Facebook, Twitter, and other social networking sites have increased BIRGing with popular brands, as it allows everyone to post their affinity for or their associations with popular companies, media, businesses, etc. Furthermore, the ability for everyone to follow their favorite athletes, actors, etc. on Facebook or Twitter allows for a closer connection to and knowledge of these celebrities, therefore leading to more BIRGing. Thus, the spread of technology has not only increased the realms under which BIRGing may fall, but also increased the ease with which individuals may partake in BIRGing.
Psychological approaches to BIRGing would include Ludwig Lewisohn's behavioral approach, Charles Darwin's evolutionary approach, and to some extent even Sigmund Freud's psychodynamic approach. The behavioral approach is relevant to BIRGing as it analyzes the behavior and success of others. If one partakes in observing this behavior, they can learn which actions and people are successful or popular and can then engage in BIRGing by associating themselves with these actions or people. Darwin's evolutionary approach can also be used to analyze BIRGing due to the idea behind survival of the fittest. In contemporary psychology, survival of the fittest applies to achieving the greatest successes possible in order to ensure the passage of one's genes into future generations. From this biological perspective, it is favorable to be popular and respected, as more mating opportunities will present themselves. This can be seen in BIRGing as individuals associate themselves with popular, attractive, or respected actions and people in order to be perceived as having more successes. Freud's psychodynamic theory can be applied to BIRGing in terms of the super ego's relationship to the ego. The super ego refers to the ideal self-image; it constitutes a view of one's self as perfect. The ego refers to the real self, meaning our consciousness and perceptions of our current selves. Thus, if an individual seeks to gain more respect or popularity, the super ego may lead to BIRGing, as that individual will associate themselves with popular and respected entities in order to increase that individual's notion of ego.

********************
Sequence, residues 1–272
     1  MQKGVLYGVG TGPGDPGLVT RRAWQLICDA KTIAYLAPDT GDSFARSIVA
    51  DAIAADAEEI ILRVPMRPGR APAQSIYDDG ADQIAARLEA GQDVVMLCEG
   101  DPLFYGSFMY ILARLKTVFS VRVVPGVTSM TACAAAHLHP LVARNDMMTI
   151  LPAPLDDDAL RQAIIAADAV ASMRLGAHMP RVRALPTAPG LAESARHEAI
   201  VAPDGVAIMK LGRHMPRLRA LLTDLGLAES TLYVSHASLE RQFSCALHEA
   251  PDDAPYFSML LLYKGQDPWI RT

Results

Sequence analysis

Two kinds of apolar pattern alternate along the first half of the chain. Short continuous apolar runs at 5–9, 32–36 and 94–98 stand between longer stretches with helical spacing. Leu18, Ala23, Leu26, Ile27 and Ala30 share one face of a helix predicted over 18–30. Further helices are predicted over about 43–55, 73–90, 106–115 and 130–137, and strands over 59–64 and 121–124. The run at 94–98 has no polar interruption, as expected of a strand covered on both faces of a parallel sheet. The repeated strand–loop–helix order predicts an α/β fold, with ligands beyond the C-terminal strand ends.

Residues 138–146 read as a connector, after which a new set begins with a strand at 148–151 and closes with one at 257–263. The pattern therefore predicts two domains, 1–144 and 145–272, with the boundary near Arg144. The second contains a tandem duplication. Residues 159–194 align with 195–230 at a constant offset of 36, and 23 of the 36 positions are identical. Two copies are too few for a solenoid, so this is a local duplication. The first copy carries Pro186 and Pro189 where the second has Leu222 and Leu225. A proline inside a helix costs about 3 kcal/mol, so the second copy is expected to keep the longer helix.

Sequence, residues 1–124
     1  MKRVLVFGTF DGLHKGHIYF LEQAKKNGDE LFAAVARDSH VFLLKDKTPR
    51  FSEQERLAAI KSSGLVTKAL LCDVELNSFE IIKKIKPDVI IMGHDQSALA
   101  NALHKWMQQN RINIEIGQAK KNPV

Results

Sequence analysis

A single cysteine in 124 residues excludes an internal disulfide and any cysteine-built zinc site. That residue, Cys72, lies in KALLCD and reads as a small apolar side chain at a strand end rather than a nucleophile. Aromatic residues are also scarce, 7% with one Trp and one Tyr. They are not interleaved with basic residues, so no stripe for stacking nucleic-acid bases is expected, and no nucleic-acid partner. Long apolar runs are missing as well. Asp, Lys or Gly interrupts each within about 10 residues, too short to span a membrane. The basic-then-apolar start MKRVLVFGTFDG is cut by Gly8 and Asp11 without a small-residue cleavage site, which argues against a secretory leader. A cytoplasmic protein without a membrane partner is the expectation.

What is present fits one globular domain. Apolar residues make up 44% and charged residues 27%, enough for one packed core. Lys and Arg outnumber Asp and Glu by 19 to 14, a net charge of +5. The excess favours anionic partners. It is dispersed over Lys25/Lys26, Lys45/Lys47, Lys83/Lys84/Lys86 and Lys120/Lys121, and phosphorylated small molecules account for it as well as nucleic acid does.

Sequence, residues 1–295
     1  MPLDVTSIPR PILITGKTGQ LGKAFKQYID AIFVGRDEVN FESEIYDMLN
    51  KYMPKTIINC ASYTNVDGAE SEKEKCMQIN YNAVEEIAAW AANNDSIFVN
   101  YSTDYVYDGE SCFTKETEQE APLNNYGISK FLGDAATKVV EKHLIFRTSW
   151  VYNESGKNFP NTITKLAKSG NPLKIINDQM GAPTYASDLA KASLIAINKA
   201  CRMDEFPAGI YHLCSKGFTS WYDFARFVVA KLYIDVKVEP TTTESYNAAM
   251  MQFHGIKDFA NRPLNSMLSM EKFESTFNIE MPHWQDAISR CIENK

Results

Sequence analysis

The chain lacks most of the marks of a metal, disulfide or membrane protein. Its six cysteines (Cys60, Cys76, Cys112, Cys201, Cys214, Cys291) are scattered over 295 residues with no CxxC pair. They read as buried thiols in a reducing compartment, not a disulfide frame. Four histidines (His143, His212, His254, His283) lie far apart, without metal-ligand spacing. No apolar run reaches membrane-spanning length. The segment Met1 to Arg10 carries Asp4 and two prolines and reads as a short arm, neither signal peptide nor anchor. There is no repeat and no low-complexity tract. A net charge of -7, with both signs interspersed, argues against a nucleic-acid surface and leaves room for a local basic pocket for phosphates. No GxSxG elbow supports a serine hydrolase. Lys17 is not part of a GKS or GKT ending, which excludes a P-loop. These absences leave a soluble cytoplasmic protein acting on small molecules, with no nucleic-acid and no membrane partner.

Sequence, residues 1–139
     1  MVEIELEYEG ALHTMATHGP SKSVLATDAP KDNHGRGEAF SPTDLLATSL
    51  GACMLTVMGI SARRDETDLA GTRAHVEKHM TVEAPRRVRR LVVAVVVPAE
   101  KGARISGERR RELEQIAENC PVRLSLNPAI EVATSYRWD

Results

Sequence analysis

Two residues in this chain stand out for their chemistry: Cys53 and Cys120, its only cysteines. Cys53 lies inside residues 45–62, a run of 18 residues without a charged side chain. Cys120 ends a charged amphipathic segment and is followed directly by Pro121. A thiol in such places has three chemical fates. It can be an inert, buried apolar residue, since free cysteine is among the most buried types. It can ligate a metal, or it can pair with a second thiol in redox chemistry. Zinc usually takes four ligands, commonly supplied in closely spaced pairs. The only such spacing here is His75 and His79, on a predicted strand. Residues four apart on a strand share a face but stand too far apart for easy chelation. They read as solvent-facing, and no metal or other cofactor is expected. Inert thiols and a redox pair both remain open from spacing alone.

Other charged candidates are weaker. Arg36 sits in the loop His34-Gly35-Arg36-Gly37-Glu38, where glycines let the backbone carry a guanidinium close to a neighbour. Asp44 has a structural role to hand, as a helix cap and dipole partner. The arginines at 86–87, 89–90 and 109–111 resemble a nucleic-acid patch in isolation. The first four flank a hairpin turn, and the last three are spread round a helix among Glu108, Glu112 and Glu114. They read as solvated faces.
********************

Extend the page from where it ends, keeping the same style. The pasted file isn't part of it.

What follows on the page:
Role of deindividuation
Another equally important contributing influence is deindividuation, a psychological state characterized by partial or complete loss of self-awareness, diffused responsibility, and decreased concern about our own behavior. Often results in the abandonment of norms, restraints and inhibitions due to the involvement in a group. The individual loses their sense of self as they participate in the group's activities and choices. Deindividuation involves a loss of self-awareness, resulting in comparisons against meaningful standards. When spectators become deindividuated, their self-awareness decreases and they cease to compare their behavior against these social norms. The group's norms become their only focus, and therefore the social norms. Consequentially, situational forces are more influential. Without the comparison process of self-awareness, behavior is more likely to be inconsistent with attitude.
BIRGing is a common aspect of everyday life. Anecdotal evidence explains how people make connections with highly positive or successful people. States and cities list the names of famous entertainers, political candidates, beauty contest winners, etc. who were born there. In encounters with a successful individual or famous celebrity, one may recount the story several times in order to bask in the glory because one has a sense of pride after meeting such an individual. People associate with certain companies and schools in order to establish a connection to individuals or groups that represent these organizations. Humans are always trying to regulate their self-esteem, so they continually engage in BIRGing.
Extra real-world examples:
- Bragging about a famous relative (e.g., "my great, great, great grandfather was U.S. President Abraham Lincoln's cousin")
- School/Accomplishment car decal in terms of adding a "bumper sticker" (e.g., "Vanderbilt University" or "My son is an Eagle Scout")
- Wearing a team jersey after they win (e.g., Wearing a Green Bay Packers jersey after the 2011 Super Bowl or wearing Seahawks paraphernalia during and after they win a game)
BIRGing is a widely used theoretical construct in the field of social psychology. However, it is difficult to define and operationalize BIRGing (discussed in "Major Theoretical Approaches"). Because examples of BIRGing are so different and unique, there is no set criterion. The classical definition of BIRGing describes it as a subjective feeling possessed by one individual who seeks to gain acceptance or respect by associating themselves with the successes of others. However, in recent years changes in culture and industry have challenged this classic definition. With these changes, people are not only associating with other people, but also with companies, brands, and organizations.
Limitations that apply to both BIRGing and CORFing are perceptions and expectations about performance and how they have an impact. Many scholars have found that the confirmation and disconfirmation of the expected victory or loss has a significant effect on BIRGing and CORFing. For example, if one predicts that one's favorite team is going to lose, one is less likely to be afraid to associate with that team because they predicted the loss. This supports that a person is more likely to participate in BIRGing or CORFing if their public image is threatened. In addition, most studies only test for the identification with one favorite team, whereas individuals may have multiple favorite teams. Whether having multiple favorite teams increases the occurrences of BIRGing could be investigated further.
A study published by Spinda in 2011 found significant differences between those identifying as male and female in BIRGing and CORFing. However, a study by Ware and Kowalski did not find significant differences among sports fans based on gender, though it found males were more likely to identify as die-hard fans. Further research could be done to determine the effect, if any, sex identification has with BIRGing and CORFing.